Outsider’s perspective on pot legalization
Monday, October 31, 2016
When you’re struggling with a decision, sometimes it’s helpful to get an outsider’s perspective. The CBS news magazine 60 Minutes on Sunday reported on marijuana legalization, which is on the ballot this year in California, Massachusetts, Maine, Arizona, and Nevada. If legalization passes in all five states, nearly a quarter of the nation’s residents will be able to buy marijuana legally for recreational use.
The 60 Minutes report, by Dr. Jon LaPook, focuses on Colorado, and specifically the county of Pueblo, which LaPook describes as the Napa Valley of cannabis. Marijuana legalization has brought 1,300 jobs, 60 businesses, and millions of dollars in investment to Pueblo. Colorado also appears to be keeping a close eye on the business, with cameras monitoring grow areas and plants individually tagged with radio frequency tags.
But despite all these pluses, Pueblo has a measure on its ballot to ban the production and sale of recreational pot in the county. Dr. Steven Simerville, medical director of the newborn intensive care unit at the local hospital, says 27 babies born at the hospital in the first nine months of this year tested positive for THC, the psychoactive ingredient in marijuana. In the first 10 months, 71 teenagers came into the hospital and tested positive for THC.
Law enforcement officials are also troubled by marijuana, saying there’s no way right now to test drivers for driving under the influence. They are also worried about outsiders coming into the area and growing marijuana for out-of-state distribution. “The black market is alive and well and thriving,” said Public County Sheriff Kirk Taylor. “In fact, it’s exploding.”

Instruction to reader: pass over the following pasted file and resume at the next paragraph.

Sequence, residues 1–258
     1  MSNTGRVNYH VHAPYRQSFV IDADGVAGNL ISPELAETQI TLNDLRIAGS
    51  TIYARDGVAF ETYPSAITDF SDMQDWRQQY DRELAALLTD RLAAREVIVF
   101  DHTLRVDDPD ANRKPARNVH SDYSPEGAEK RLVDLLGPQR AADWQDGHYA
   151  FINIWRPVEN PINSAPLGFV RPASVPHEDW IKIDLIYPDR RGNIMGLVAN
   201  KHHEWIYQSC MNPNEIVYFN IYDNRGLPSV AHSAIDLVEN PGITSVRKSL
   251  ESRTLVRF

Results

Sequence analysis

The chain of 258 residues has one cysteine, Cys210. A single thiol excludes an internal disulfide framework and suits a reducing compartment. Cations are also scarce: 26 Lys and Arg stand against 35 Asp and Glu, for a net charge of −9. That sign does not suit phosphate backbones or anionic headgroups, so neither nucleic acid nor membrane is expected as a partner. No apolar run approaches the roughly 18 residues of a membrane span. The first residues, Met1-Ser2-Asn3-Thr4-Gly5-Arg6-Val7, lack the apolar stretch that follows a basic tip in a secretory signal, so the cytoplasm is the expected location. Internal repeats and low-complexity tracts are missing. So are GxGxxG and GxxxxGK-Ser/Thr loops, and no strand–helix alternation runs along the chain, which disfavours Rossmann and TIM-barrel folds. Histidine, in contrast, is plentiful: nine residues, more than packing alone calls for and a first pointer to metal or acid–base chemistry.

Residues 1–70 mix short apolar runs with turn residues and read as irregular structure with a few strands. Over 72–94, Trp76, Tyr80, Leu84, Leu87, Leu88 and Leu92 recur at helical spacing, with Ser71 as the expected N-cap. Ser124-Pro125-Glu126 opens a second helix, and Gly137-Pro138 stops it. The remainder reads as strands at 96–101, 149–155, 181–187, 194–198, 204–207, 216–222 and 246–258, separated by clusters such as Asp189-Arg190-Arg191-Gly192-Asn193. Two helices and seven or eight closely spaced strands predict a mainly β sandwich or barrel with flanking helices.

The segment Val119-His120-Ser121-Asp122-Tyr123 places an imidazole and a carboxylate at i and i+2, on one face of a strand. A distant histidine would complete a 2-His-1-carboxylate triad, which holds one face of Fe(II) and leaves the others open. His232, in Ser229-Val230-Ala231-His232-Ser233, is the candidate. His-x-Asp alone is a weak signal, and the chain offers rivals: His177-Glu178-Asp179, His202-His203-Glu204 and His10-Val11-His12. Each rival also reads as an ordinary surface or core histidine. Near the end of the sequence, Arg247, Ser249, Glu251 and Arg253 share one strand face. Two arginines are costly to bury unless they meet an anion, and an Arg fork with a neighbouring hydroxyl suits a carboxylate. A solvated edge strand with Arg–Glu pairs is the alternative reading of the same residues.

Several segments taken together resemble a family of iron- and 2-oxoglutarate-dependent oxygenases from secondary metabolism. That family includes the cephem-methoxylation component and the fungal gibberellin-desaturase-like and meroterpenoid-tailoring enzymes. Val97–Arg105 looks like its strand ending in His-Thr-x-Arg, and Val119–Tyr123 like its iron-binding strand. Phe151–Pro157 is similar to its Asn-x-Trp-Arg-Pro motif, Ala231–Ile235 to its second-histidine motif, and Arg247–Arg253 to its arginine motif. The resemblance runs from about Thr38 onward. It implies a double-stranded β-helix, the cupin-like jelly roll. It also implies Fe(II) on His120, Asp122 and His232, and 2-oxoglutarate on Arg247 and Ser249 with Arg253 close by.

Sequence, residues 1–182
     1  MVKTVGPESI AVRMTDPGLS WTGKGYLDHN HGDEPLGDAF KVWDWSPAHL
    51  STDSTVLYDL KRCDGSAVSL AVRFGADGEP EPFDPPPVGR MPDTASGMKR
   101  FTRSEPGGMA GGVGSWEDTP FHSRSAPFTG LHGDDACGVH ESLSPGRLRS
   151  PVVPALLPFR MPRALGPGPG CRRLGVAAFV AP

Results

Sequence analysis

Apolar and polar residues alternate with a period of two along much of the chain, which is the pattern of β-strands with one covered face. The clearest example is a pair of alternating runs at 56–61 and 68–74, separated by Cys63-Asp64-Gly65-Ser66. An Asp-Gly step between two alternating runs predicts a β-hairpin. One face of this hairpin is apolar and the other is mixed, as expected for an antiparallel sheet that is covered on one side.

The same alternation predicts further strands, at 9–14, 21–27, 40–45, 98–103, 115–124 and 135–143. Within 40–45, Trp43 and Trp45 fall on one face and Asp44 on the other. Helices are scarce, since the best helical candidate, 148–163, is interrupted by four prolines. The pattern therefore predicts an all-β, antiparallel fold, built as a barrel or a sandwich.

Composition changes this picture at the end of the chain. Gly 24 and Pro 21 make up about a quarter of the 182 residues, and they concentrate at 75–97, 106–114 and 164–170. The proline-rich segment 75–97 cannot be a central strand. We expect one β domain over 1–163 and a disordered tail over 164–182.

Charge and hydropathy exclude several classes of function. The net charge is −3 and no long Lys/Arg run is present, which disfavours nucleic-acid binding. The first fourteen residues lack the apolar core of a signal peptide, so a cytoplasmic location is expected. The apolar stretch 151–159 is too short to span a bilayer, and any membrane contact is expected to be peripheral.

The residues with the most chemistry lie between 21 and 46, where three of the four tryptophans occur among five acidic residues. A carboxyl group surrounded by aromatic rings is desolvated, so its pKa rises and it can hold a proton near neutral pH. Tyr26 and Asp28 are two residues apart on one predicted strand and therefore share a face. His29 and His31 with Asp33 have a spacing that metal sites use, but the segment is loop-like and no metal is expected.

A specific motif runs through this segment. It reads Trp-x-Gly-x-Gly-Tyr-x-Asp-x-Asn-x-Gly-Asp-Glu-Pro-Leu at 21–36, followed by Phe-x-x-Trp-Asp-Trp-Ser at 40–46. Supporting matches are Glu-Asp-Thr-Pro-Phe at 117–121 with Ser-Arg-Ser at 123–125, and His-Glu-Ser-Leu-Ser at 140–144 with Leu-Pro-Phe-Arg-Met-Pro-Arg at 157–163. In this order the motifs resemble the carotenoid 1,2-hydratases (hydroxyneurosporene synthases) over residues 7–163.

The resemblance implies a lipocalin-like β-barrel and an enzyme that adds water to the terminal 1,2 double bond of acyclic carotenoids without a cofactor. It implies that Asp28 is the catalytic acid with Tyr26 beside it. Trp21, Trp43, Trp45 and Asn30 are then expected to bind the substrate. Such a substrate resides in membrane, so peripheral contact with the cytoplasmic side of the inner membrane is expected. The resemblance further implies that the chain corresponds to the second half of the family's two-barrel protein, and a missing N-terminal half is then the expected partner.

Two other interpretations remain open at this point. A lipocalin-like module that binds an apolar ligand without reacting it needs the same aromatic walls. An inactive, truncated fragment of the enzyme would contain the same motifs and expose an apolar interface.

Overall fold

Colorado Gov. John Hickenlooper originally opposed marijuana legalization and is now trying to make it work. He says the law has brought in $141 million in tax revenue last year and brought a black market business into the light of day. “No one can argue that the old system wasn’t a disaster,” he said.
Hickenlooper’s advice for other states considering legalization is to start gathering baseline data now to track what’s happening with newborns, teens, and others. He says he would tell other states to exercise caution on legalizing marijuana.
“My recommendation has been that they should go slowly and probably wait a couple of years,” he said. “And let’s make sure that we get some good vertical studies to make sure that there isn’t a dramatic increase in teenage usage, that there isn’t a significant increase in abuse while driving. We don’t see it yet, but the data are not perfect. And we don’t have enough data yet to make that decision.”